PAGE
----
Time For The Next Step In Supporting The It Sector

The pandemic has served to confirm the huge importance of digitization, while it will continue to have a significant impact on companies’ daily operations. During the previous period, thanks to an excellent internal e-government development policy, the Government of Serbia succeeded in bringing dynamism to digitalisation, while it should now provide that same kind of support to various successful clusters of ICT businesses, which are ever-increasing in number in Serbia.

Judging by the results of an online survey on the impact of COVID-19 on the operations of companies, which was conducted by the Swiss- Serbian Chamber of Commerce among its members in November 2020, it seems that many of them managed to handle the challenges well.

“The aim of this research was to gain insight into the main challenges confronting the SSCC business community as a result of the COVID-19 crisis, but also to gain a better understanding of the needs of these companies and the issues of interest to them. According to the results of the research, more than half of respondents (approximately 60%) stated that, until that point in time, the COVID-19 Pandemic had not influenced their investment plans in Serbia for 2021. Likewise, 63% of respondents had resorted to digitalising their operations (to a greater or lesser extent) due to the COVID-19 Pandemic and the need to adapt to the new situation,” says SSCC President and Sky Express General Manager Majo Mićović.

Our interview with him focuses on the digitalisation and development of the IT sector, which Switzerland supports through its bilateral support to Serbia, and the advancement of the domestic economic environment.

Recently, together with other bilateral business associations, you organised a meeting with the Serbian Ministry of Finance and the Chamber of Commerce & Industry of Serbia. What are the key issues highlighted by your members today when it comes to the climate for doing business?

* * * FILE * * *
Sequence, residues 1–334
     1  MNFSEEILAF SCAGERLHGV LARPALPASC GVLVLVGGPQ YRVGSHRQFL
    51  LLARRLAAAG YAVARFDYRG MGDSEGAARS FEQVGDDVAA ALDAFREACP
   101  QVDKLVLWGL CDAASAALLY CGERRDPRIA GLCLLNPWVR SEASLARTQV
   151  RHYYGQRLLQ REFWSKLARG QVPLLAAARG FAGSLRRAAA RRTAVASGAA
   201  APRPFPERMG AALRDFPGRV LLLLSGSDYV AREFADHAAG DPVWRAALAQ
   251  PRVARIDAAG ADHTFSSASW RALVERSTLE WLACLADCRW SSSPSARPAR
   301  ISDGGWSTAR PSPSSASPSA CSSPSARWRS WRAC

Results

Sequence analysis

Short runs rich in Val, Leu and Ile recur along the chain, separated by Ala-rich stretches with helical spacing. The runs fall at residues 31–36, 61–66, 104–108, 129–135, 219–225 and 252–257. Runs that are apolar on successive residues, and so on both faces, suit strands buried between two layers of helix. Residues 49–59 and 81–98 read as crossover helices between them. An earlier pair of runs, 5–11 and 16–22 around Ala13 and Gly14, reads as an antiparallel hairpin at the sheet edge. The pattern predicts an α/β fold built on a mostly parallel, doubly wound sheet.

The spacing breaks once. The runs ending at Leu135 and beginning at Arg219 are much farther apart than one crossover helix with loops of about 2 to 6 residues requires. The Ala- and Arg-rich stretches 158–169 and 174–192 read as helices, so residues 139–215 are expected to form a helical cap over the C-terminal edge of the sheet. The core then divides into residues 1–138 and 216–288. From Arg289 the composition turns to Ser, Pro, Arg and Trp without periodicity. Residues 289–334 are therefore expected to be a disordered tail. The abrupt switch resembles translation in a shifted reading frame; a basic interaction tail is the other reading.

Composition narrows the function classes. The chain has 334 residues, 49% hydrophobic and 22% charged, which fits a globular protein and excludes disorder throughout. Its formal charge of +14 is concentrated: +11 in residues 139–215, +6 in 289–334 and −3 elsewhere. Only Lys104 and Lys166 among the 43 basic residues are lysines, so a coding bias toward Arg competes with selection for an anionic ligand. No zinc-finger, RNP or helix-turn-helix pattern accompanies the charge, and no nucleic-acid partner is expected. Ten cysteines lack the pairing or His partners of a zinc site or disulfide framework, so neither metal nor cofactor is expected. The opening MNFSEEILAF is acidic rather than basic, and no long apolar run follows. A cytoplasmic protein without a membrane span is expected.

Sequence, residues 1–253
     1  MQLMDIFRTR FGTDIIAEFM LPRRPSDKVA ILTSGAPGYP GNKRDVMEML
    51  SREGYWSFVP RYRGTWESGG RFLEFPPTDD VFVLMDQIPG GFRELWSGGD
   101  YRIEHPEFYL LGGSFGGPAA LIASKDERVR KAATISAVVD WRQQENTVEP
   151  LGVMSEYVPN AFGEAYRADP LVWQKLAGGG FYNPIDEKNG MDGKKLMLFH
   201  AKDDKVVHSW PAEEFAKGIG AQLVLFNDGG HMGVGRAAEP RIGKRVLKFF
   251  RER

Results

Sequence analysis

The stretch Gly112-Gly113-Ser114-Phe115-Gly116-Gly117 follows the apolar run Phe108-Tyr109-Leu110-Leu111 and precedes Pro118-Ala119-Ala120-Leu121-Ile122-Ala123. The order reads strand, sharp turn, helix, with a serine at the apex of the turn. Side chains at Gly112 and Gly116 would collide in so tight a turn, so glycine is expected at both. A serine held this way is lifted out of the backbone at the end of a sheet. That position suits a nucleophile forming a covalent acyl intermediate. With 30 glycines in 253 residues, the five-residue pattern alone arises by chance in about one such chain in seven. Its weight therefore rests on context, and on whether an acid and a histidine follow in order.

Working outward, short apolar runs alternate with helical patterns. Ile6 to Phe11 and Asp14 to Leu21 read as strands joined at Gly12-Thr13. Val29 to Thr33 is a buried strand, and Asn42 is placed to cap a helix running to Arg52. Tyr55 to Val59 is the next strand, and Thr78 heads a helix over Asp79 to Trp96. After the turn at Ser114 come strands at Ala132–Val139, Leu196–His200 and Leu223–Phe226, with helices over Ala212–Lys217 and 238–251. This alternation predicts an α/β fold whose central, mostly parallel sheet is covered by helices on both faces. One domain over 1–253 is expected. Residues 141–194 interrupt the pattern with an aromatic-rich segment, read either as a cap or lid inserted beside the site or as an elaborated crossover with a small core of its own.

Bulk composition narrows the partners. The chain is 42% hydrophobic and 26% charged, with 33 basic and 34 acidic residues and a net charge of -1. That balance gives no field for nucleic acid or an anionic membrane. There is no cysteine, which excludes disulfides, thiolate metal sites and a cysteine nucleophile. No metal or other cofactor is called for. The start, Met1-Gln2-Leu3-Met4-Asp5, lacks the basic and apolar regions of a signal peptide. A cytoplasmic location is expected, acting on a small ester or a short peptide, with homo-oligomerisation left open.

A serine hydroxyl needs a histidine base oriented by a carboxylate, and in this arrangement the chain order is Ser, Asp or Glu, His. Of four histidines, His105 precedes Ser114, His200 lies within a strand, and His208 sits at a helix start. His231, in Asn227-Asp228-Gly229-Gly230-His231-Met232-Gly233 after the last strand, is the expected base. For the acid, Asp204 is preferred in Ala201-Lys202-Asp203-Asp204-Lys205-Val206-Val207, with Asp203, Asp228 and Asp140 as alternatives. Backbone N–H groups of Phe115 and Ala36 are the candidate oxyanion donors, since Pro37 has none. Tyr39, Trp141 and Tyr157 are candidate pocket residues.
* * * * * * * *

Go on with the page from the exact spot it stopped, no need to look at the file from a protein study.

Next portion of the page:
Ognjen Popović, acting assistant minister of finance in the Government of the Republic of Serbia, participated together with Mihailo Vesović, director of the CCIS Department for Strategic Analysis, Services and Internationalisation, in the online working meeting “Macroeconomic Trends of the Economy in the Context of COVID-19”. The key issues of companies related to the state’s economic support measures aimed at enabling the more successful overcoming of business challenges during the COVID-19 Pandemic. Speaking on that occasion, Acting Assistant Finance Minister Popović stressed that the total value of state assistance to the economy in 2020 amounted to 12.9% of GDP, while this year’s third support package amounts to 4.5% of GDP.

Mention was also made of the importance of Serbia’s ICT sector to companies’ successful operations. It was with this in mind that Director Vesović noted that the services sector is one of the drivers of the country’s economic recovery, and that the 2020 surplus in exchanges of this sector with foreign countries amounted to 1.1 billion euros, while the ICT sector provides a significant contribution to the realising of that surplus.

Serbian Prime Minister Ana Brnabić recently noted that Serbia expects Switzerland’s assistance in advancing the development of Serbia’s innovative and sustainable economy. What can be provided by the corporate sector on this front?